I am a junior developer. How do I handle disagreement in a code review regarding an unlikely edge case?

I am working at a robotics startup on a path coverage team and after submitting a pull request, my code gets reviewed.

My teammate, who has been on the team for more than a year, has made some comments to my code that suggest I do a lot more work than I believe to be necessary. No, I am not a lazy developer. I love elegant code that has good comments, variable names, indentation and handles cases properly. However, he has a different type of organization in mind that I don’t agree with.

What do I do? 

I’ll provide an example:

I had spent a day writing test cases for a change to a transition finding algorithm that I made. He had suggested that I handle an obscure case that is extremely unlikely to happen–in fact I’m not sure it is even possible for it to occur. The code that I made already works in all of our original test cases and some new ones that I found. The code that I made already passes our 300+ simulations that are run nightly. However, to handle this obscure case would take me 13 hours that could better be spent trying to improve the performance of the robot. To be clear, the previous algorithm that we had been using up until now also did not handle this obscure case and not once, in the 40k reports that have been generated, has it ever occurred.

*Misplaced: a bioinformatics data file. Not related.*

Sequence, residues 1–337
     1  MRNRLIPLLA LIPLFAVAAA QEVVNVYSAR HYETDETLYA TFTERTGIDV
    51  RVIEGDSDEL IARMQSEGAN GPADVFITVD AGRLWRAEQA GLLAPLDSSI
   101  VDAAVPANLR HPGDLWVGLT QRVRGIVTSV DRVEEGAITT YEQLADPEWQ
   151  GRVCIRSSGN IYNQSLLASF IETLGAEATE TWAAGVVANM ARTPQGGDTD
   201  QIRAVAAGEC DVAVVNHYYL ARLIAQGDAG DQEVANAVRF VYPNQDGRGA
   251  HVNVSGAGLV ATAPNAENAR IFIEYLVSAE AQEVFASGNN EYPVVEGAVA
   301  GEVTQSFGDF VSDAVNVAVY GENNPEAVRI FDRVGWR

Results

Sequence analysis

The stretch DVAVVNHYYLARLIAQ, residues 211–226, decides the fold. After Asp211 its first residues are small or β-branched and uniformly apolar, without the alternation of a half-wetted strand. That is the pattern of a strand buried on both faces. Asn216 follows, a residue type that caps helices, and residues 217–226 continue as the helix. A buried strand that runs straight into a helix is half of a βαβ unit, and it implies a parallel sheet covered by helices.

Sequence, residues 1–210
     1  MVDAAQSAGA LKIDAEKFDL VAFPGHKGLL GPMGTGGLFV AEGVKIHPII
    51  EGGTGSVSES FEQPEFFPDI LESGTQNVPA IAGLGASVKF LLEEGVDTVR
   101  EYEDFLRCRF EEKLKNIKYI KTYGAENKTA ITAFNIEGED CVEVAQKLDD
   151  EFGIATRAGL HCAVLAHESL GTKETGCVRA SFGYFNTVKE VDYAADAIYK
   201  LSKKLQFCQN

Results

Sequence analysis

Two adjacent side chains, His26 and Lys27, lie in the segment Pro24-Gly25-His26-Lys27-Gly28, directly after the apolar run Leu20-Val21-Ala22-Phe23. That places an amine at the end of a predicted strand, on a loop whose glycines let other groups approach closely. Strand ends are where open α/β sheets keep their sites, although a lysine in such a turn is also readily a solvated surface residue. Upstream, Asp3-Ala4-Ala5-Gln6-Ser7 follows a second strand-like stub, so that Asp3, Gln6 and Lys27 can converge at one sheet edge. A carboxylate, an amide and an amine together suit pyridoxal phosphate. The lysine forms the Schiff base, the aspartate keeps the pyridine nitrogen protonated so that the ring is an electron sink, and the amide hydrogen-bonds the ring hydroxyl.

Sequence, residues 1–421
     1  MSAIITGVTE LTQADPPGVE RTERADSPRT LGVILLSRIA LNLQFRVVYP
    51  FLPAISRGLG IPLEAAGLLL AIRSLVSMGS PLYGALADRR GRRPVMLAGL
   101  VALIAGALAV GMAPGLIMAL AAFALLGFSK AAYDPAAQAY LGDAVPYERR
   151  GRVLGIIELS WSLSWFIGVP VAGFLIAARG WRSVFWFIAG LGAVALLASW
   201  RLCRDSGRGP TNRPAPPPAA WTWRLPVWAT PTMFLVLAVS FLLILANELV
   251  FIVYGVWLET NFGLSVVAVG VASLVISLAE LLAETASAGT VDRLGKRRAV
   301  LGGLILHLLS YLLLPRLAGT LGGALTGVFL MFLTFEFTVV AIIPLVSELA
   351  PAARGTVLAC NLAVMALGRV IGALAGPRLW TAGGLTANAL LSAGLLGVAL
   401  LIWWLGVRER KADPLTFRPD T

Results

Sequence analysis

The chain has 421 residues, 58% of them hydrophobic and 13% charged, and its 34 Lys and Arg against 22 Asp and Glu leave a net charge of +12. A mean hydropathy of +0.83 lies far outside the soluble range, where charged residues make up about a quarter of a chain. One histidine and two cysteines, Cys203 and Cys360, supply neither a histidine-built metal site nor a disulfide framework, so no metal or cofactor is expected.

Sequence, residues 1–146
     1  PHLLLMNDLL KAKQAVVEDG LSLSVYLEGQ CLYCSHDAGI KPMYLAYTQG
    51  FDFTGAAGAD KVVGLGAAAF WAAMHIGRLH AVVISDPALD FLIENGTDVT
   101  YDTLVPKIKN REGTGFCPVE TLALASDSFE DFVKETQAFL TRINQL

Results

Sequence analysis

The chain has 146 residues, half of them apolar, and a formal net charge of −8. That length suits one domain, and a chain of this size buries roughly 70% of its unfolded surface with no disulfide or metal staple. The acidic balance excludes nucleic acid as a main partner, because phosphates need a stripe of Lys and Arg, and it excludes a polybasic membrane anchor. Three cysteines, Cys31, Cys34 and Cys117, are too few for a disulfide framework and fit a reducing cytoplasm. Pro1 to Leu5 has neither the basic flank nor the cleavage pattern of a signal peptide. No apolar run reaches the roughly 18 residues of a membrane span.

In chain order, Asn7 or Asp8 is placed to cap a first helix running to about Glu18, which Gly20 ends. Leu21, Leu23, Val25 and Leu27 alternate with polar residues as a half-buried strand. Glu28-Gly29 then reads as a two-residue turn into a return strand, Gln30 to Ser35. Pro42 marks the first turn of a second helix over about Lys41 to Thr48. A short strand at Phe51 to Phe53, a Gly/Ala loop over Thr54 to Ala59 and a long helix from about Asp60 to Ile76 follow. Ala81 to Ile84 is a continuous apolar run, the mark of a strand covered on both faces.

We’re a startup and need to develop the product.

I have never had a code review before and I’m not sure if I’m being too argumentative; should I just be quiet and do what he says? I decided to keep my head down and just make the change even though I strongly disagree that it was a good use of time.


I respect my co-worker and I acknowledge him as an intelligent programmer. I just disagree with him on a point and don’t know how to handle disagreement in a code review.

Answer

  1. Unit tests are not just about ensuring that your code is correct now, but also in three years when someone else is maintaining the code you wrote.
  2. It is always a good idea to have more than one reviewer. If your code is only reviewed by one colleague, ask someone else who knows that code, or the codebase in general, to take a look. A second opinion, again, will help you to more easily (dis)agree with the reviewer’s suggestions.
  3. NEVER be angry, ALWAYS speak your mind – with a smile. You should have instantly told the guy, “Hmm, that will take me at least two days, is this worth it, let’s ask our boss?” and secondly you should have said “Don’t forget man we’re working on robotics, it’s actually not possible for the left sensor to be to the right of the right sensor – let’s ask the boss how much anti-physical corner cases we want to cover”.

 

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